If you have been reading about the Rays/Hines redevelopment proposal that will include a new baseball stadium, you are likely to see many comparisons to Atlanta’s Truist (earlier Suntrust) Park and its surrounding development, called The Battery. Both are mixed use developments with shopping, restaurants, a hotel and apartments, anchored by a baseball stadium. With Truist Park representing one of the most recently built ballparks, comparisons are natural. (For example, Michael Harrison of Hines makes that comparison in this John Romano article)
So is the goal of our Tropicana Field redevelopment to emulate the Truist Park/Battery development?
I hope not.
Don’t get me wrong, the Battery is fine. I visited the development back in 2017, when I had evacuated to Atlanta to ride out Hurricane Irma, and the Braves (at the end of an uncharacteristically terrible season) kindly gave free tickets to fleeing Floridians. At that point the stadium was finishing its first season and there were several commercial streets with stores and restaurants, although I don’t know whether all the office space, hotel and residential developments had yet come online. But they had clearly created a commercial area that was a good complement to the ballpark.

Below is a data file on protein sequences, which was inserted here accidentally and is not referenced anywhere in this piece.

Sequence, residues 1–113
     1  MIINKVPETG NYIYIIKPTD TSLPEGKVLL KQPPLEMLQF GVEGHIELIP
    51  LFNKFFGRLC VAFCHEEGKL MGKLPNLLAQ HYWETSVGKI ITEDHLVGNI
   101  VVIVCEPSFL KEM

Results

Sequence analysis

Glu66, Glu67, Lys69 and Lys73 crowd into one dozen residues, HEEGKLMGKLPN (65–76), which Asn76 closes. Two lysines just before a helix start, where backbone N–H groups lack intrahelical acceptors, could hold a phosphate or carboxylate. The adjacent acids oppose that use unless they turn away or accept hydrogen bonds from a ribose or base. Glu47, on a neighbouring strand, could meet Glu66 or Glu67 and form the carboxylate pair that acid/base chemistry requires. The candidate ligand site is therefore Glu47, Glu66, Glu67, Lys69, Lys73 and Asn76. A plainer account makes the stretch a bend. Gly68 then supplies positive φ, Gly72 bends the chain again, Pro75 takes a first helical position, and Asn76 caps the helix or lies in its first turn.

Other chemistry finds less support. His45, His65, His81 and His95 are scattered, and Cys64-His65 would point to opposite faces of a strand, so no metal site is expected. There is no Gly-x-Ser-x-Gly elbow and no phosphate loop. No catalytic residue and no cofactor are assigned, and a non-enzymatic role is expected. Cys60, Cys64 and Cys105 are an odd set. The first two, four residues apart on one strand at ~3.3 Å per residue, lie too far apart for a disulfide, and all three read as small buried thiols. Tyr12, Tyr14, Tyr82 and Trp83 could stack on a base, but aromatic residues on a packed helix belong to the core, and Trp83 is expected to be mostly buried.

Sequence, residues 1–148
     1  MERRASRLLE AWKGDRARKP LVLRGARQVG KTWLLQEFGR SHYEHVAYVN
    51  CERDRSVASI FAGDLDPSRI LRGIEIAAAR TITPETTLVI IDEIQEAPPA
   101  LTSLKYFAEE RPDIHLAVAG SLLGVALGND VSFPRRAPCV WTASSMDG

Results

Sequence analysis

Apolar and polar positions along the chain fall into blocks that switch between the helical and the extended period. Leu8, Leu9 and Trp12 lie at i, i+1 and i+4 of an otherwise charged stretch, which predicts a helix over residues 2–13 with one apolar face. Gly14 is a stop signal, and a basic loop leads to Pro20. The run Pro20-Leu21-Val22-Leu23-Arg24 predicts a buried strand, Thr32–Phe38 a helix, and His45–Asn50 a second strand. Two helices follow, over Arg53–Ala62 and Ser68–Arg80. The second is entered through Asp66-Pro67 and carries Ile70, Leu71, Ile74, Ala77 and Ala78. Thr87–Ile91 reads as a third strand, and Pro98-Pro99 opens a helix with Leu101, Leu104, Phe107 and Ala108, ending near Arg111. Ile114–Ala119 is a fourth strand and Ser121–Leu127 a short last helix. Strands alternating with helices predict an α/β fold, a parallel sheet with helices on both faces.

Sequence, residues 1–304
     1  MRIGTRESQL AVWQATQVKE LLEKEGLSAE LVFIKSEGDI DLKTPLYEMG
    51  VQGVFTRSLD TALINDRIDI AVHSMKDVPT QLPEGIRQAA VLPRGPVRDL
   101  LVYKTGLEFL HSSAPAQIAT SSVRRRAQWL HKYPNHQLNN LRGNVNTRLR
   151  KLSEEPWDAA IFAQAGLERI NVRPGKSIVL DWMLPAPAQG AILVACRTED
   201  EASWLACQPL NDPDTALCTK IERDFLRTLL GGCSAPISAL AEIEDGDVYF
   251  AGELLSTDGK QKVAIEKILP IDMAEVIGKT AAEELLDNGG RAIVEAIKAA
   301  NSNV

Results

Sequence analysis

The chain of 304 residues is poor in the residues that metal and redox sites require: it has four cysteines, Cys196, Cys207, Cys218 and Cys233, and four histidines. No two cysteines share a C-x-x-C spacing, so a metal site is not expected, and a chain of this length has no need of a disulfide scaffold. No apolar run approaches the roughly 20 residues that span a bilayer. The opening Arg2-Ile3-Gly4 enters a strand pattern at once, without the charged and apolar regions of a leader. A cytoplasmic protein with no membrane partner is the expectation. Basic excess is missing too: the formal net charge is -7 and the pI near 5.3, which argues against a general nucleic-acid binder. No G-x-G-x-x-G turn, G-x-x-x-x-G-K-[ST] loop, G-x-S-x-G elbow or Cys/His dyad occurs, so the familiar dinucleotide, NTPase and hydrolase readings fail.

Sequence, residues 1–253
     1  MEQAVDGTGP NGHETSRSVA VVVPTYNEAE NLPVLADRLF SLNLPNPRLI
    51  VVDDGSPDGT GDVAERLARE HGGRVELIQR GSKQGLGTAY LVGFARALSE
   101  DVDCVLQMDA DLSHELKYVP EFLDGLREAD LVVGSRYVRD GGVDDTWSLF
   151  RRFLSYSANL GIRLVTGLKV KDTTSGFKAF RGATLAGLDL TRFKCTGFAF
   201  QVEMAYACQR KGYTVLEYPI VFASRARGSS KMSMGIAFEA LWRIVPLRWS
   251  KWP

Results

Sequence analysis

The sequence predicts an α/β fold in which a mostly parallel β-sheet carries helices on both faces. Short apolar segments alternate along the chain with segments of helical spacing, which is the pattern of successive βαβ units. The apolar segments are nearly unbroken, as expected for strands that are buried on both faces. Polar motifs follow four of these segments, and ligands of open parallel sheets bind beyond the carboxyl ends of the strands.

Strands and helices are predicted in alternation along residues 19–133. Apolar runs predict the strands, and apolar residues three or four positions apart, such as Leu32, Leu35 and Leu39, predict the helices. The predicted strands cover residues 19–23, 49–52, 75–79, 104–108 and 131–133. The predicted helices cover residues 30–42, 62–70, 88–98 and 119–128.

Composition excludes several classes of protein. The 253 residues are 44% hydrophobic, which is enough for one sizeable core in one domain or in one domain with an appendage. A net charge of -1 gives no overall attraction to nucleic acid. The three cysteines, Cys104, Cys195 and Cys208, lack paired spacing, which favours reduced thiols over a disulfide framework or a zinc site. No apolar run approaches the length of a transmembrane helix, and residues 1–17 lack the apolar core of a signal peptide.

The Battery, as you might know, is not in the city of Atlanta. In moving to unincorporated Cobb County, the Braves had decided to abandon their in-city stadium and build a new, ballpark-centered area outside the city limits, siting this new development between Cobb Parkway, I-75 and I-285, an area adjacent to several malls and a lot of fast-food restaurants.
For Tampa Bay locals, an analogy might be the Rays building their stadium at The Shops at Wiregrass out in Wesley Chapel. For those unfamiliar, this is an open-air mall not far from I-75, about a 30-minute drive from downtown Tampa, about the same as the drive from downtown Atlanta to Truist Park.
You would drive there, park your car in one of the surrounding parking lots, and then walk into this recently constructed mall-like development where you could grab a beer, buy a shirt, and see a baseball game. The same stadium, same public spaces and same commercial establishments could be replicated in pretty much any city in the US.
But copy-and-paste suburban mall is not what we need or want here, even if it seems to do fine in Cobb County. There are some important differences between The Battery and what I’ll call the Historic Gas Plant District in St. Petersburg:
The Historic Gas Plant District has a past. It’s not an anonymous highway interchange. It bears witness to the complex history of urban change, racial discrimination and segregation, and environmental degradation (we shouldn’t romanticize what it meant to live next to a gas plant!). The city of St. Petersburg, which currently owns the land, has made clear that new development has to honor that in a number of ways that were not present for Battery developers. Educational programs, an African American cultural center, space for small, locally owned retailers, and over 1000 units of income-restricted affordable housing (in addition to several thousand more market rate units) are among the place-specific elements of the proposal.